My husband has constantly changed jobs since I’ve been out of pharmacy school for 11 years. He got his own account, but he was still using our joint account without any contribution. He refuses to contribute to the household. He’s also got $8,000 of credit card debt in his name.
He wants my help to start a new business, but I refuse because he’s already had four failed businesses. He pressures me and says I have no faith in him.
I’ve thought about divorce, but I’m scared. What can I do?
This marriage sounds like trying to run a marathon in concrete shoes. It doesn’t matter how good you are at your job or as a wife. You’re not getting anywhere because every step is a struggle.
So you need to think about what scares you more: Getting divorced or living like this forever? Because from what you describe, I think these are your only two choices.
Your husband has the freedom to do things exactly on his terms. You work for two. He gets to play. You’ve been his safety net for 11 years.
I think you know that your problem is so much bigger than your husband’s money and career choices. Maybe this specific problem would disappear if you had an unlimited supply of money and neither of you had to work. But I don’t think you’d have a happy marriage because his needs come first.
In a healthy marriage, there’s room for compromise when spouses don’t see eye to eye. But it sounds like you can choose Option A, which is to work hard enough to carry the financial burden for two. And Option B? There is none. If you agree to anything less than Option A, you’re the bad guy. That’s a terrible position to be in.
What if you decided it was your turn to switch careers or start a business? Would your husband do whatever you needed because of his undying faith in you?
Yet I get why this is such a tough decision. On the surface, it may seem easier because you’re the breadwinner. You don’t have to stay in a bad relationship because you can’t afford food and shelter.
But letting someone you love fall on their face is hard after you’ve been there to fix everything for so long. Just the idea of separating yourself from someone you’ve built a life with for many years is overwhelming. Things get infinitely more complicated if you have children together.
If you have any hope of salvaging this marriage — and not feeling completely drained every day of your life — you need to have an honest conversation with your husband about what you need from him. Keep in mind that being equals doesn’t necessarily mean you have equal incomes. It’s more about each partner putting similar amounts of energy into the relationship.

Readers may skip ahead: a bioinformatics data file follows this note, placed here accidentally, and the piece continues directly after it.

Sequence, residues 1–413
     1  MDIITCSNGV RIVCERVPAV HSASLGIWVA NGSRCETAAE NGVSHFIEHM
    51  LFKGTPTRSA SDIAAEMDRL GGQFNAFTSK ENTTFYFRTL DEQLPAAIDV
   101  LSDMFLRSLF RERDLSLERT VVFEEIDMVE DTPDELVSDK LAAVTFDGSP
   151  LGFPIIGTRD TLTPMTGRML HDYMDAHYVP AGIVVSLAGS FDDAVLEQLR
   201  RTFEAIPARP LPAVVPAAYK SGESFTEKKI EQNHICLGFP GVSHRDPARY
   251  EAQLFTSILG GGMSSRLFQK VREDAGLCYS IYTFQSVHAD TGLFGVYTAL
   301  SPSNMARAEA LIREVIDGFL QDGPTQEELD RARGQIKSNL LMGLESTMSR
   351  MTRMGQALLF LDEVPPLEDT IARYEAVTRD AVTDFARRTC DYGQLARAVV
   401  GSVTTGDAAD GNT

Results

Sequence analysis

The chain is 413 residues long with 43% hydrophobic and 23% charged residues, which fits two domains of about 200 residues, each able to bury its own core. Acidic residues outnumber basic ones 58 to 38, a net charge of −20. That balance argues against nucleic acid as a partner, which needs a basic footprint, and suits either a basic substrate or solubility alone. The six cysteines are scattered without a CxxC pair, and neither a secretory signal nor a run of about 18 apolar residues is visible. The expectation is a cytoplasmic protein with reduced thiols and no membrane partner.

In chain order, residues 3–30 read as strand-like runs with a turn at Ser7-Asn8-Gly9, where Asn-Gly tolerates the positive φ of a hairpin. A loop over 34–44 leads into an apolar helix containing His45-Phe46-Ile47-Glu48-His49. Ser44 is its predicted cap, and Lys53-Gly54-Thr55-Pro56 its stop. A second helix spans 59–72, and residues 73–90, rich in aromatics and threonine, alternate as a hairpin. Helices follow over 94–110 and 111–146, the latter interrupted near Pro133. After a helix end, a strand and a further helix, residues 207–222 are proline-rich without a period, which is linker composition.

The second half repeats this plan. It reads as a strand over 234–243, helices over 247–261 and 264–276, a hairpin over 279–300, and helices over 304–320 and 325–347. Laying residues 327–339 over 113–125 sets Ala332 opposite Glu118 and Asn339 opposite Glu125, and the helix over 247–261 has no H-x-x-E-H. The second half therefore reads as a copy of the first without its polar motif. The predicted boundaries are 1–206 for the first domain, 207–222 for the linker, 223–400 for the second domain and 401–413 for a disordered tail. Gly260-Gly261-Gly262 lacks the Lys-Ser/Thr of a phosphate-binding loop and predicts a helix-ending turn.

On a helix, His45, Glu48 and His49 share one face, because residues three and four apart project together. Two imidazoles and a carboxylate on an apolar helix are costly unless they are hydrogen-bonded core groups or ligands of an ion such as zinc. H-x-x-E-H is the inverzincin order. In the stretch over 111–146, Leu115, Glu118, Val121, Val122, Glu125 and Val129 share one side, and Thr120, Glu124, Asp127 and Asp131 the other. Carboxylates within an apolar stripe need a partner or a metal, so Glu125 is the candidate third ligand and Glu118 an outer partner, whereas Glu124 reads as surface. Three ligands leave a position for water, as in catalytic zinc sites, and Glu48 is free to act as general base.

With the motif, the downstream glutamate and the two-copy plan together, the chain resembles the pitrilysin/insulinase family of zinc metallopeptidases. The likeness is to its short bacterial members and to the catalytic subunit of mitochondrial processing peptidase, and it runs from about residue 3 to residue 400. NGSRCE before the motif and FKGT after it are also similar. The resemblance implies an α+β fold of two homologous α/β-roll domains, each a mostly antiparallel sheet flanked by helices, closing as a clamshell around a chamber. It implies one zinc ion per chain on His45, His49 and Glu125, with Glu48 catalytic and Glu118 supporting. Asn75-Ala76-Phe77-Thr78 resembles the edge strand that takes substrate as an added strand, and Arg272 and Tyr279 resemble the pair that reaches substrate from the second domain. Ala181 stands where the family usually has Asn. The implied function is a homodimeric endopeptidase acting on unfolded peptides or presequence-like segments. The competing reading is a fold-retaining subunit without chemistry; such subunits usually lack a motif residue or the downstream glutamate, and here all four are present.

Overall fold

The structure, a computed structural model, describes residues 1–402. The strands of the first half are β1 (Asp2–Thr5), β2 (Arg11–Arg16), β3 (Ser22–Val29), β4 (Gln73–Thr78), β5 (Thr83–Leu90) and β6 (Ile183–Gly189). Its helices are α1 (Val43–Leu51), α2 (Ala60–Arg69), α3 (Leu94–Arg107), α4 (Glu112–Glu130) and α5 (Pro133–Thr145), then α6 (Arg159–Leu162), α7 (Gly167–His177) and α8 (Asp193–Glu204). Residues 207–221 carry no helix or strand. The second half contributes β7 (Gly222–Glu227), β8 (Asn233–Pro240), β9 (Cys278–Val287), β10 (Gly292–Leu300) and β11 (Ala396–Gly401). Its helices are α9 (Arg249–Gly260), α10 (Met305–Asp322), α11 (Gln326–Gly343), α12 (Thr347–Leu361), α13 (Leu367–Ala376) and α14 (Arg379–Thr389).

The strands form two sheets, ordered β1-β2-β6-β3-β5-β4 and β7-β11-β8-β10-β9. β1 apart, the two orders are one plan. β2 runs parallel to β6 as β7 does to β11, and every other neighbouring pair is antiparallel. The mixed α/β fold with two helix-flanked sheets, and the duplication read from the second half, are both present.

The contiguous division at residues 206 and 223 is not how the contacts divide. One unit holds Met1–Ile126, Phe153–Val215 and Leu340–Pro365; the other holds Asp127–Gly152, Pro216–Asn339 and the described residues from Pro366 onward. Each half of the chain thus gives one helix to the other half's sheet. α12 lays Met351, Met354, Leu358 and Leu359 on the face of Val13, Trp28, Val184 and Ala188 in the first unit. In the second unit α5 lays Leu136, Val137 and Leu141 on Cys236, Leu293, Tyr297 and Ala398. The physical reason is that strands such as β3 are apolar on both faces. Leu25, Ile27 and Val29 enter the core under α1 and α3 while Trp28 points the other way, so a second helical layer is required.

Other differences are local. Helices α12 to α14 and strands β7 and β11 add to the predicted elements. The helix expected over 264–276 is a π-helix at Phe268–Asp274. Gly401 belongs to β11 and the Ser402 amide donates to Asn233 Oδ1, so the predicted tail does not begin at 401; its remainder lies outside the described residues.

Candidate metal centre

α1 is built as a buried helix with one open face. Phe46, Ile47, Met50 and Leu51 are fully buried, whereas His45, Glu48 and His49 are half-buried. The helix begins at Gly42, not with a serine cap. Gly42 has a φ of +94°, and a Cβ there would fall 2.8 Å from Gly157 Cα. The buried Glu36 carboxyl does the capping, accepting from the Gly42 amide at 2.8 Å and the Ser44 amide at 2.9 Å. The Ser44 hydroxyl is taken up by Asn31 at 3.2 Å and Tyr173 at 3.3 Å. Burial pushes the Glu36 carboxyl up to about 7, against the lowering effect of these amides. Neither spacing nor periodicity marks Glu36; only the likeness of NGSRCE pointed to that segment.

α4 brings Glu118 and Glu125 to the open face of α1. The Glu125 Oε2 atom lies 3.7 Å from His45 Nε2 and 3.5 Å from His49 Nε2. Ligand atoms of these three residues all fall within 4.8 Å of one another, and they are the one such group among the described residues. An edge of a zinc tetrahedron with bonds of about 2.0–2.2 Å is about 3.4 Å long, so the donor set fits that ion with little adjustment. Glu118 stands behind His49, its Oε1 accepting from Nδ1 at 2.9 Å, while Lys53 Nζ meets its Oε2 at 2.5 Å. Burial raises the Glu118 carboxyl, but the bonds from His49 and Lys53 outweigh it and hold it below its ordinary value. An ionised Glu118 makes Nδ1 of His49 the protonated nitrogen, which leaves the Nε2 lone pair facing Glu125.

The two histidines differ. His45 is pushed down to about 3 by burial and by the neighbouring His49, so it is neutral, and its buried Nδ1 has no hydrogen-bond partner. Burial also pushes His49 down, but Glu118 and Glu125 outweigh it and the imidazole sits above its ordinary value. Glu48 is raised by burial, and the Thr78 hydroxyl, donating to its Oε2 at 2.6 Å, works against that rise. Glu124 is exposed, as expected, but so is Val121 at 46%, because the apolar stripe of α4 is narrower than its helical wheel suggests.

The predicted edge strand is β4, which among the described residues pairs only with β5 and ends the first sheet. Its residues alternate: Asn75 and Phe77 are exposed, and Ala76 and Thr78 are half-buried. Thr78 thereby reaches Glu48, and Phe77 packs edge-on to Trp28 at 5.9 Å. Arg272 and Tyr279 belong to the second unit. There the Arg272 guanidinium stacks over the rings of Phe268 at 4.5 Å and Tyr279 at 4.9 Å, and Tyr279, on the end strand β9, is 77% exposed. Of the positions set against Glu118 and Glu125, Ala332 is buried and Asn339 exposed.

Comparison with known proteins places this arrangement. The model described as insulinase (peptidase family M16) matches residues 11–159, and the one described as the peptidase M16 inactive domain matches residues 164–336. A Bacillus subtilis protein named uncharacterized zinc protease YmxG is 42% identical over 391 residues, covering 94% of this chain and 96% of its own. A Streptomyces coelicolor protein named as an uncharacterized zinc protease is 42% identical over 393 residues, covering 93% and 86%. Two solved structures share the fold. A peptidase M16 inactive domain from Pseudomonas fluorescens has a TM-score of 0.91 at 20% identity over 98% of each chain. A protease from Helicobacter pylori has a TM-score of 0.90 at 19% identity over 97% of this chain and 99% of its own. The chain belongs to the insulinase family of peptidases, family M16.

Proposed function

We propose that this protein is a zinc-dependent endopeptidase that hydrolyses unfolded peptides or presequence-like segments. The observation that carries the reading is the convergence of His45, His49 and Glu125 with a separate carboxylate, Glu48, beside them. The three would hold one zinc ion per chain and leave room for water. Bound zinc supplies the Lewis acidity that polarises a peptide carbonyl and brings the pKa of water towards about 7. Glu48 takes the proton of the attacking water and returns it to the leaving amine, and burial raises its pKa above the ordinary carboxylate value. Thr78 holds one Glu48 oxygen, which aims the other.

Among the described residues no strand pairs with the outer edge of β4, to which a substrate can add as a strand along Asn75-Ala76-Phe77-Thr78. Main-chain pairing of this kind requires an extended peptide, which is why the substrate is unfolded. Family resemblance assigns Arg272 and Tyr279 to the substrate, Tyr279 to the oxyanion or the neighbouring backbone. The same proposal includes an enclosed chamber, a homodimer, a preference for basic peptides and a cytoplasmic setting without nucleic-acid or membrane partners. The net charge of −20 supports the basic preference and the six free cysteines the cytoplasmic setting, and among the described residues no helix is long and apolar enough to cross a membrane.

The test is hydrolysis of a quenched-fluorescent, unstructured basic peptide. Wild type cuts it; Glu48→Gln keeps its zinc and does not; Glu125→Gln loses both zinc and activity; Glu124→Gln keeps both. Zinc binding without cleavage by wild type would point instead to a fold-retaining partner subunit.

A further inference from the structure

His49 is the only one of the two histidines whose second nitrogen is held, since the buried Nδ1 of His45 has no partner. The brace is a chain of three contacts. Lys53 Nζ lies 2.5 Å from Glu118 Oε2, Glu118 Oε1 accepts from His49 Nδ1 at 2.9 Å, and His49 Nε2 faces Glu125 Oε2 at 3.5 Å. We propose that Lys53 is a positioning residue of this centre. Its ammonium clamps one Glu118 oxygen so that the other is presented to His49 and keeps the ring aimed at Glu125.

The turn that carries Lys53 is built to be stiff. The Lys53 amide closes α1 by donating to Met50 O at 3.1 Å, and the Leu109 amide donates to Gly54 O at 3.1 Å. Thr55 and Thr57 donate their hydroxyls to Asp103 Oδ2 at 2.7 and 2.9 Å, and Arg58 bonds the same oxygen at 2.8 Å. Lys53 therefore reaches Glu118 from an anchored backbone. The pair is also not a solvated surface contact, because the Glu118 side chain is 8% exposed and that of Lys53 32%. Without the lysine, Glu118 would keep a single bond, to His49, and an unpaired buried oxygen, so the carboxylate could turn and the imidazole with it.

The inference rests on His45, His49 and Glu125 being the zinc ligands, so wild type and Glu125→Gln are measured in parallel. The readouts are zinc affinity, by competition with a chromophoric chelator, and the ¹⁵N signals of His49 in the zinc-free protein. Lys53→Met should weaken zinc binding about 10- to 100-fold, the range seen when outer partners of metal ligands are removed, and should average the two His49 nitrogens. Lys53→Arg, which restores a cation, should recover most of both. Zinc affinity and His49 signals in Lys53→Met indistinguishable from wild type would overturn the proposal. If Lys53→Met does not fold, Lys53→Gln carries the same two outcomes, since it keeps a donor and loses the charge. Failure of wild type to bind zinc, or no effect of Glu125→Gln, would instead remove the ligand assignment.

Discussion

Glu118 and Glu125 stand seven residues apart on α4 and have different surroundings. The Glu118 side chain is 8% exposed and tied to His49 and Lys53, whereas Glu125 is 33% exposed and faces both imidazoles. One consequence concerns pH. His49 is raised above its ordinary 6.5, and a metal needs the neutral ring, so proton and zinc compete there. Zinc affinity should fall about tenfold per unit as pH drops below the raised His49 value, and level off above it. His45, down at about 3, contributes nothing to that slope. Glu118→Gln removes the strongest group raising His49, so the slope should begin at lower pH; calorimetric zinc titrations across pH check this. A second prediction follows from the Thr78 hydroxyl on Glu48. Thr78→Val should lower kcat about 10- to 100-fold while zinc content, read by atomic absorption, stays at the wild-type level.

I have no idea what your past discussions have looked like. Maybe if you’ve been focusing on not wanting to fund what will probably be another failed business, you’ll be more productive if you refocus the conversation on the pressure you feel over being responsible for everything. If your husband refuses to budge or even have this discussion, he’s telling you there’s nothing to salvage.
I do think you should at least speak to a divorce attorney so that you understand your options. This doesn’t mean you necessarily need to file. But sometimes just knowing what to expect makes things less scary. An attorney could walk you through the process and financial considerations, like alimony and splitting assets. They could also help you determine if there are any steps you can take now to protect your finances.
There’s always the possibility that getting served with divorce papers is an impetus for your husband to start taking your needs seriously. Maybe he’ll be able to stick with a job that’s less than perfect if he knows his safety net could be ripped out from under him. But I wouldn’t count on it. Some people are willing to work really hard at being lazy. It sounds like your husband is one of them.
Accept that if you pursue divorce, life is going to be a lot tougher in the short term. I’d expect your husband to make things as difficult as possible. But try to imagine your life five years out. Finances are certainly part of the picture, but they’re not the only consideration. Ask yourself if you’d feel freer and happier not being in this marriage. If the answer is yes, you know what the solution is.
Your husband has been telling you exactly who he is for 11 years. Listen to him. If you decide to stay, you have to make peace with the fact that things will look exactly the same 11 years from now.
Robin Hartill is a certified financial planner and a senior writer at Codetic. Send your tricky money questions to [email protected].